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See also: Citizen
- cytesin (obsolete)
From Middle English citeseyn, citezein, borrowed from Anglo-Norman citesain (“burgher; city-dweller”), citezein etc., probably a variant of cithein under influence of deinzein (“denizen”), from Anglo-Norman and Old French citeain etc. and citaien, citeien etc. ("burgher"; modern French citoyen), from cité ("settlement; cathedral city, city"; modern French cité) + -ain or -ien (“-an, -ian”). See city and hewe.
citizen (plural citizens)
- A resident of a city or town, especially one with legally-recognized rights or duties. [from 14th c.]
- 1862 July – 1863 August, George Eliot [pseudonym; Mary Ann Evans], “What Florence was Thinking of”, in Romola. […], volume II, London: Smith, Elder and Co., […], published 1863, →OCLC, book II, page 180:
- [T]hat large body of the working men who were not counted as citizens and had not so much as a vote to serve as an anodyne to their stomachs were likely to get impatient.
- A legally-recognized member of a state, with associated rights and obligations; a person considered in terms of this role. [from 14th c.]
- 1990, chapter 4, in House of Cards, season 1:
- Assistant: You'll meet with the managing director and Dr Sinita Brahmachari, the engineer who designed the chair.
Peter Mackenzie: Indian, is he?
Assistant: She is a British citizen, Minister. Born in Coventry.
- 2012 January 1, Steven Sloman, “The Battle Between Intuition and Deliberation”, in American Scientist, volume 100, number 1, archived from the original on 8 January 2012, page 74:
- Libertarian paternalism is the view that, because the way options are presented to citizens affects what they choose, society should present options in a way that “nudges” our intuitive selves to make choices that are more consistent with what our more deliberative selves would have chosen if they were in control.
- I am a Roman citizen.
- Synonyms: countryman, national
- Antonyms: alien, illegal alien, foreigner, (colloquial) illegal
- Hyponyms: first-class citizen, second-class citizen, third-class citizen, native, naturalized citizen, senior citizen, corporate citizen
- An inhabitant or occupant: a member of any place. [from 14th c.]
- Diogenes reckoned himself a citizen of the world.
- 1979 October, Boys' Life, page 33:
- A jellyfish... carries poison cells that can sting other citizens of the sea.
- (Christianity) A resident of the heavenly city or (later) of the kingdom of God: a Christian; a good Christian. [from 15th c.]
- A civilian, as opposed to a police officer, soldier, or member of some other specialized (usually state) group. [from 16th c.]
- (obsolete) An ordinary person, as opposed to nobles and landed gentry on one side and peasants, craftsmen, and laborers on the other. [17th–19th c.]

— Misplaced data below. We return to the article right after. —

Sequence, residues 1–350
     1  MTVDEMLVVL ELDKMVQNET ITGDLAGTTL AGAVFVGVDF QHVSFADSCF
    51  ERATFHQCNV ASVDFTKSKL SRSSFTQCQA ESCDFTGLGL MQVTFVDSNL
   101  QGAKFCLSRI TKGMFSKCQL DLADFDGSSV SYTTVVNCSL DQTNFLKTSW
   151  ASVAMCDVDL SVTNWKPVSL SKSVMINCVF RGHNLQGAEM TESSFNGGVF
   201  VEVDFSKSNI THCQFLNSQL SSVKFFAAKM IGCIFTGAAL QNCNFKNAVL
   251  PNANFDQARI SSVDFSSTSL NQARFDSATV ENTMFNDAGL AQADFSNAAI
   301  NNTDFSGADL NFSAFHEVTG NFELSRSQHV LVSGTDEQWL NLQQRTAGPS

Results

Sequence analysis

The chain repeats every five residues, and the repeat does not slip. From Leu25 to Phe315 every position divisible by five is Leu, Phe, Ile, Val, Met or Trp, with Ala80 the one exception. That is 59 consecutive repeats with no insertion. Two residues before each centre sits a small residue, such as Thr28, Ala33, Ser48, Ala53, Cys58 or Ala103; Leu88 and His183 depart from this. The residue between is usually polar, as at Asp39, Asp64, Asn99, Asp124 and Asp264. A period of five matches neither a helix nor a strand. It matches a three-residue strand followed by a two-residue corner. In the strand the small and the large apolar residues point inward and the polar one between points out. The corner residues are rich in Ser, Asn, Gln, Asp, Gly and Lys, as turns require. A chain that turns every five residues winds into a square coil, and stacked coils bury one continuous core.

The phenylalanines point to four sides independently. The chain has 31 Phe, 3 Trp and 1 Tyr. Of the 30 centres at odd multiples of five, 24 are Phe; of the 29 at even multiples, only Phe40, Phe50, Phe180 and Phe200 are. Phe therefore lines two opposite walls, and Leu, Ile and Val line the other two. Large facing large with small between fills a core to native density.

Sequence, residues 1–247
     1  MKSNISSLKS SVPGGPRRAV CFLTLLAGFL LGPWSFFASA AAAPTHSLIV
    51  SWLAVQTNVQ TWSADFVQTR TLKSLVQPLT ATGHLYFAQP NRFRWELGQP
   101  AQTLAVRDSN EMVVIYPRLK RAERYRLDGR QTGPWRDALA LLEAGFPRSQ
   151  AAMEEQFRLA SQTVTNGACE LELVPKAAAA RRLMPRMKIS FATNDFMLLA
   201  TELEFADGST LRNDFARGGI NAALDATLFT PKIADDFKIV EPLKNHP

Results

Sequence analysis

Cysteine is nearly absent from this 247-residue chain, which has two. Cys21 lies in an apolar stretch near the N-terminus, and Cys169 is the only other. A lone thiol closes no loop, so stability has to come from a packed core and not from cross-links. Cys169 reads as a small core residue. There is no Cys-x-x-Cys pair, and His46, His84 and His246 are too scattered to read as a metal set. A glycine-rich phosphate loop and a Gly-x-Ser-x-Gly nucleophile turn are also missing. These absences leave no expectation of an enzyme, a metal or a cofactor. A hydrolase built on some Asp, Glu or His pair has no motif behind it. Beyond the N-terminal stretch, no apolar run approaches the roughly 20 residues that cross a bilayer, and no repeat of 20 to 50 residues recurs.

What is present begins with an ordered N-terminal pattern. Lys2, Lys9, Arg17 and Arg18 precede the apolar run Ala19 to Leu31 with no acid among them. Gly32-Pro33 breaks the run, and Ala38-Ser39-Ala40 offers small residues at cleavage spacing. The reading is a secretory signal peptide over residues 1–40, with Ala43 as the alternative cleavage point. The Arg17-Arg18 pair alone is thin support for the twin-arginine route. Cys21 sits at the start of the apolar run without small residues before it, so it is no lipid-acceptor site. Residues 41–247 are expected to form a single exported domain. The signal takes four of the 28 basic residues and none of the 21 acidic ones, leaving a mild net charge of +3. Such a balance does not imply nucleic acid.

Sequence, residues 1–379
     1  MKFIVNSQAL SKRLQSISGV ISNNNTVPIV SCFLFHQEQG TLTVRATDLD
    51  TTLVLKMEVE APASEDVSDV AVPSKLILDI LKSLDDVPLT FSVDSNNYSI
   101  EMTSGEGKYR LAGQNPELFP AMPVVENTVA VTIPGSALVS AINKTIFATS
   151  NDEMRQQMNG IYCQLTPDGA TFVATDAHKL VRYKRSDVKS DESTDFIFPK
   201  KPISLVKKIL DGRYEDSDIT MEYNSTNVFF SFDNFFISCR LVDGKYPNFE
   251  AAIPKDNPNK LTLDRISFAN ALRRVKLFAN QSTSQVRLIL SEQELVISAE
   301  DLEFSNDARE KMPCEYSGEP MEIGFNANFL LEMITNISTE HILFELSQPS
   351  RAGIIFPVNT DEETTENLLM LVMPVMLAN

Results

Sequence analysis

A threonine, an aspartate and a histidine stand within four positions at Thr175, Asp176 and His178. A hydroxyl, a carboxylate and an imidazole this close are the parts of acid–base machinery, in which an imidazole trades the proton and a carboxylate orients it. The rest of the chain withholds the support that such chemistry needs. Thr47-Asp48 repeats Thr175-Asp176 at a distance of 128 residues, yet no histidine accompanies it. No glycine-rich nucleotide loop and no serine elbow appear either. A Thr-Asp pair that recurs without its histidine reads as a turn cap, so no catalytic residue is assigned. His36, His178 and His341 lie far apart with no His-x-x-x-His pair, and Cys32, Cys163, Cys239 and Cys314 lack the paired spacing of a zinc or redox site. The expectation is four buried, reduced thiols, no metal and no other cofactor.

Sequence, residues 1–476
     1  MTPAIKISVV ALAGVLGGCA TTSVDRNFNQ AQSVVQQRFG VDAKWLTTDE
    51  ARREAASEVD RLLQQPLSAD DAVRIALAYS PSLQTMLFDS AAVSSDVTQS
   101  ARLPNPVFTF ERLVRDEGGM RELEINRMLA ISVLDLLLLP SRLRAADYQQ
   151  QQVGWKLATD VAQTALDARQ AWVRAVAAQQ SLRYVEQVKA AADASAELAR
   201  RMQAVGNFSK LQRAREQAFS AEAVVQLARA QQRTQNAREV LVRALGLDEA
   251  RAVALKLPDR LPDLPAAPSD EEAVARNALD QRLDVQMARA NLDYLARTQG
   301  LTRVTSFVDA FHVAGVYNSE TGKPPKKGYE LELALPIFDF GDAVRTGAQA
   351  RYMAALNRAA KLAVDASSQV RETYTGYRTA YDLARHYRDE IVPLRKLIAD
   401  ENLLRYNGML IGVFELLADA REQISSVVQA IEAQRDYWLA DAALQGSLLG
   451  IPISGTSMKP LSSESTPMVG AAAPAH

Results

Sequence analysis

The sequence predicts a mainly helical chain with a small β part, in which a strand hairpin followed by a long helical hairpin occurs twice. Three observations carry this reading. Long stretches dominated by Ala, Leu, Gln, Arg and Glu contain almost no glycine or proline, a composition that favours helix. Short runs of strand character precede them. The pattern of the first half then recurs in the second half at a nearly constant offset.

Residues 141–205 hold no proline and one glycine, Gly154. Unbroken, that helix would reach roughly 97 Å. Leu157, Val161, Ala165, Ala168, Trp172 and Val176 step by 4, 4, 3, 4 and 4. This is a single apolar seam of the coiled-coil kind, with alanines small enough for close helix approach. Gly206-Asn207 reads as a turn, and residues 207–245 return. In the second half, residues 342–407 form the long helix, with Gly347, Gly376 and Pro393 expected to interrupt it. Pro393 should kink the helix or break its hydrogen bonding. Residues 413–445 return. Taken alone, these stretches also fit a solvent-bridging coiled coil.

- 1782, Frances Burney, Cecilia, III.v.6:
- [W]ould Mr. Delvile, who hardly ever spoke but to the high-born, without seeming to think his dignity somewhat injured, deign to receive for a daughter in law the child of a citizen and tradesman?
- (now historical, usually capitalized) A term of address among French citizens during the French Revolution or towards its supporters elsewhere; (later, dated) a term of address among socialists and communists. [from 18th c.]
- 1859, Charles Dickens, “In Secret”, in A Tale of Two Cities, London: Chapman and Hall, […], →OCLC, book III (The Track of a Storm), page 166:
- Citizen, I desire nothing more than to get to Paris, though I could dispense with the escort.
- Synonym: (term of address among communists) comrade
- (computing) An object.
- (resident of a city): countryfolk, country gentleman, countryman, peasant, villager
- (person who is legally recognized as a member or resident): first-class citizen, second-class citizen, third-class citizen
- citizen band
- citizen journalism
- citizen journalist
- citizen king
- citizen life
- citizen magistrate
- citizen media
- citizen of nature
- citizen of the world
- citizen prince
- citizen's arrest
- citizens' band
- citizens band
- Citizens' Charter
- citizen science
- citizen scientist
- citizens' media
- citizen soldier
- citizen sovereign
- corporate citizen
- dual citizen
- fellow citizen
- private citizen
- sovereign citizen
- world citizen
legal member of a state
antonym to "subject"
legal resident of a city
resident of any particular place
- The translations below need to be checked and inserted above into the appropriate translation tables. See instructions at Wiktionary:Entry layout § Translations.
Translations to be checked
- Oxford English Dictionary, 3rd ed. "citizen, n. and adj." Oxford University Press (Oxford), 2014.
- English terms inherited from Middle English
- English terms derived from Middle English
- English terms derived from Anglo-Norman
- English terms derived from Old French
- English 3-syllable words
- English terms with IPA pronunciation
- English terms with audio links
- English lemmas
- English nouns
- English countable nouns
- English terms with quotations
- English terms with usage examples
- English terms with obsolete senses
- English terms with historical senses